Not long ago, the thought of robots in healthcare may have seemed to be a work of science fiction. However, the past 20 years has shown us that it is not only viable, but the path forward in the healthcare industry. Robotics offer the ability to treat patients with improved accuracy, disinfect rooms with a reduced risk of infection, provide companionship and perform other tasks that augment the abilities of healthcare professionals. Although some worry about the chaos that could ensue with ill-programmed robots in a healthcare setting, a methodical implementation of these devices is improving patient care as humans learn how to best work with technology for a better path forward.
The history of fusing together technological advances with healthcare starts in the 1960s with the IBM 650 supercomputer that researched medical records to report on data abnormalities which could then be researched in closer detail by a physician. As technology continued to develop, healthcare application remained top-of-mind and by 1974, the first CT scanners were released allowing detailed imaging of specific cross-sectional images of bones, blood vessels and soft tissues inside a patient. Throughout the 1980s and 1990s, researchers worked with developers to apply robotics to the healthcare industry, and in 1999 the da Vinci Surgical system was developed to perform minimally invasive surgeries. This signaled a major step forward for the healthcare robotics industry and ushered in a wave of innovations to occur throughout the 2000s up until today. Now, the robotics and healthcare fields are merging as developments are made each day with the end goal of providing the best patient care possible.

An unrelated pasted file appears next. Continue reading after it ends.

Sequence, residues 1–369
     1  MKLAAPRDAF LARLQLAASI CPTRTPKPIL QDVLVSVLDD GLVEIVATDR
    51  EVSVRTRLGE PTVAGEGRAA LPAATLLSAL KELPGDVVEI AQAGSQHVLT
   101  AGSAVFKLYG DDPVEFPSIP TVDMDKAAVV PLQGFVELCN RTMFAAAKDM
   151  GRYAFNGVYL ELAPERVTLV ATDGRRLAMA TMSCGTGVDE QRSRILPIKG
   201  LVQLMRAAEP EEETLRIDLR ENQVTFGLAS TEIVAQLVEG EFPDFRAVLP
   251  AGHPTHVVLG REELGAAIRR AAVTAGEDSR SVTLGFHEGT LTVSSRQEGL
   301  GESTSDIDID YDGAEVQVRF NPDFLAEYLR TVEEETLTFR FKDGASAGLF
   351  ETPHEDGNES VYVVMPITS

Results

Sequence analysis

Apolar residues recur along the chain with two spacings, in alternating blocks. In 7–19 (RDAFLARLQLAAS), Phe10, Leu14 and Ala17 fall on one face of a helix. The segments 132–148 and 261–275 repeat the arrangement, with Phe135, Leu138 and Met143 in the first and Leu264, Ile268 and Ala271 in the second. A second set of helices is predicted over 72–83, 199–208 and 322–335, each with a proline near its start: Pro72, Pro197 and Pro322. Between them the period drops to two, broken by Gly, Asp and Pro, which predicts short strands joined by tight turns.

It may be hard to fathom a task as important as surgery being trusted to a robot, but the development in healthcare robotics has brought us to a point where robotic assisted surgeries are safer than similar operations performed without robotic assistance. As more hospitals are noting the benefits of these devices the more they are being utilized in operating rooms. This technology has seen a recent boom that is expected to continue as sales for surgical robots are expected to reach about $6 billion this year.
One of the most renowned surgery robots is the DaVinci Surgical System. This robot allows surgeons to perform complex, minimally invasive procedures with extreme accuracy and precision. The robot has been tested thousands of times and has performed thousands of procedures, proving its efficacy and safety. Today there are more than 1700 DaVinci systems installed in hospitals around the world and almost 1 million patients have been operated on by this robot. The DaVinci System is also considered the leading method for various operations with 86% of urology residency programs in the US owning a DaVinci system.
Some of the noted benefits of using a robot for a surgical procedure include the ability to precisely measure incisions to a depth no longer than needed, the ability to eliminate surgeon errors by leveraging surgical software, and the ability to complete a surgery in a less invasive manner due to intricacy of its instruments. The DaVinci Surgical robot is a great example of the teamwork required between technology and healthcare workers to provide optimal patient care.
Anyone who has visited a college campus in the past two years, may be familiar with the recent boom of delivery robots, however, hospitals are also jumping on the trend by utilizing robots for deliveries within the hospital. Some hospitals are already using robots for meal delivery in wards where patients have limited mobility, while others are utilizing complex cabinet robots that house and deliver medications with high accuracy.